s&p 500 8-22

Stock Market Braces For Fed Jackson Hole Meeting. Pull Back or Recovery? (Report Premium Edition)

My wife constantly tells me that not everything is logical, but these markets, monetary and fiscal policies are purely insane.

Consumption, the Philly Fed index, and unemployment were generally positive. At the same time, the Empire State index and real estate are worse.

Everyone knows that one of the biggest accelerators of inflation is government spending…So the government passes another massive spending bill to “combat” inflation.

This has confused me. I am not alone, as many battle-hardened investors are perplexed by the US macroeconomic numbers. 

After nearly two months of a bear market rally and negative news, this end of summer looks like the end of a positive rebound in the markets. (Notice the break through the R1 on the S&P 500 chart)

Bottom Line

If you are confused about the direction of the market and economy, you are not alone.

Does this mean I am bullish? No, there is an increasing concern that we could be heading to another dip because of The Fed’s response to increasing inflation.

Soft Landing? The Fed

This week, JPMorgan CEO Jamie Dimon told affluent customers on a conference call that there is a 10% probability of a “soft landing,” a 20%–30% possibility of a “mild recession,” a 20%–30% chance of a “harder recession,” and a further 20%–30% chance of “something worse” than a deep recession.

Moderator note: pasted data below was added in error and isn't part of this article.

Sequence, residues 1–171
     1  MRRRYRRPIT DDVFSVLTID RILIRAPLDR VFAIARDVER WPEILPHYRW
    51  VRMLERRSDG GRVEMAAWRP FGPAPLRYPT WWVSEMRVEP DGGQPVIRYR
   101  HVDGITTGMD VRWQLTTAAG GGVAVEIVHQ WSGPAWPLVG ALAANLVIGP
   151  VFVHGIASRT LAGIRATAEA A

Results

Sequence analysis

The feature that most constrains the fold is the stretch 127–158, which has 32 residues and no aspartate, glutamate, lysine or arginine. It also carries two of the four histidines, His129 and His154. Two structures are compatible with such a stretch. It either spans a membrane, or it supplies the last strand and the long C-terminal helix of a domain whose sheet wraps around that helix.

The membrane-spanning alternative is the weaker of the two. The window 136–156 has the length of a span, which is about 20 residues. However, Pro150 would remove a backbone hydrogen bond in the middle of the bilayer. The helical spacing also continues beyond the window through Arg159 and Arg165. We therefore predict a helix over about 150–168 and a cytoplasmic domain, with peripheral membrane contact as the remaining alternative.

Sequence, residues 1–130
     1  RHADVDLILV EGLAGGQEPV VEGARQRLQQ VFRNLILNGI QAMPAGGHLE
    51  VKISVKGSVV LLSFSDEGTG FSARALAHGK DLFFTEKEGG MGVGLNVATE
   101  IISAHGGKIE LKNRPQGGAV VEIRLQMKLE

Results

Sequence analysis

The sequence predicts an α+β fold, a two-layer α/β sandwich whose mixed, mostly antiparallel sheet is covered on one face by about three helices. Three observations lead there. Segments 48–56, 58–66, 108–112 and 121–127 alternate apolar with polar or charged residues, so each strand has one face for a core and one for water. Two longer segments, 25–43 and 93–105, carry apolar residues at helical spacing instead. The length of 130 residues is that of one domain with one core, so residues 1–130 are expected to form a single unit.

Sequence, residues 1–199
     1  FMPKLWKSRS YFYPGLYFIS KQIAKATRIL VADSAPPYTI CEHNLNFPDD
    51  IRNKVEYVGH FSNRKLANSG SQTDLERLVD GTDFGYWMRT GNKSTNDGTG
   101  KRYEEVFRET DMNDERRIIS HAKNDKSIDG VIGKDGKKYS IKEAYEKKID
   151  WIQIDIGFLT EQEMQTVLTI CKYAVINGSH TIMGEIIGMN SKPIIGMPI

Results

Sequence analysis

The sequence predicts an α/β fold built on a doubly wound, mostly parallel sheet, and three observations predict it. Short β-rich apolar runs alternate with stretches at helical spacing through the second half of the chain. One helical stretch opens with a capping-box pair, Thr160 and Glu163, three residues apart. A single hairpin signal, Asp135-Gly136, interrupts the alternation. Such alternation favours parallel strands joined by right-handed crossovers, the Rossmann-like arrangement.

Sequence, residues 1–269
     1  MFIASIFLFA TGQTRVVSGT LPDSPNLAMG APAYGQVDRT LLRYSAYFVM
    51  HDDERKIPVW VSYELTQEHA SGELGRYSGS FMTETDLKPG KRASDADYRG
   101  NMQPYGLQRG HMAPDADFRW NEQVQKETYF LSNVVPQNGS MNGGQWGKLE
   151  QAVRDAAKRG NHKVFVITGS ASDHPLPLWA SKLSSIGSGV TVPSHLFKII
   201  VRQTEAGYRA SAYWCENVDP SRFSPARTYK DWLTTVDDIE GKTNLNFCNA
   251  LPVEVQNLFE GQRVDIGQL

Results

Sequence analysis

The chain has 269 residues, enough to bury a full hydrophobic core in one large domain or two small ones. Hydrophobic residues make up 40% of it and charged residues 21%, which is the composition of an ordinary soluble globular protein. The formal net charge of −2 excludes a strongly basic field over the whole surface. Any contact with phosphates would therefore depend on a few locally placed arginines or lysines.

According to Dimon, the business was “bracing ourselves” for an economic hurricane in June. Major financial institutions appear to be divided; although some continue to predict that the United States will avoid a recession, others concede that a gentle landing is improbable.

The belief that the Federal Reserve will need to take additional action to prevent inflation is now one of the most prominent trends.

This week’s inflation rate is still very high at 9.18% YOY.

Even the Fed anticipates that interest rates must reach a “sufficiently restrictive” level to reduce inflation and remain there “for some time.” “Restrictive” means what?

In the past, raising interest rates to the level of the Consumer Price Index (CPI) was necessary to stem the flow of inflation.

The Fed, in my opinion, is keeping an eye on CPI and the unemployment rate to stop raising interest rates once it reaches at least 5 percent. Looking at the current response, the Fed has to raise rates a lot more (double?) to bring inflation down. This is very tricky given the high value of the dollar.

IMF lowers global economic projection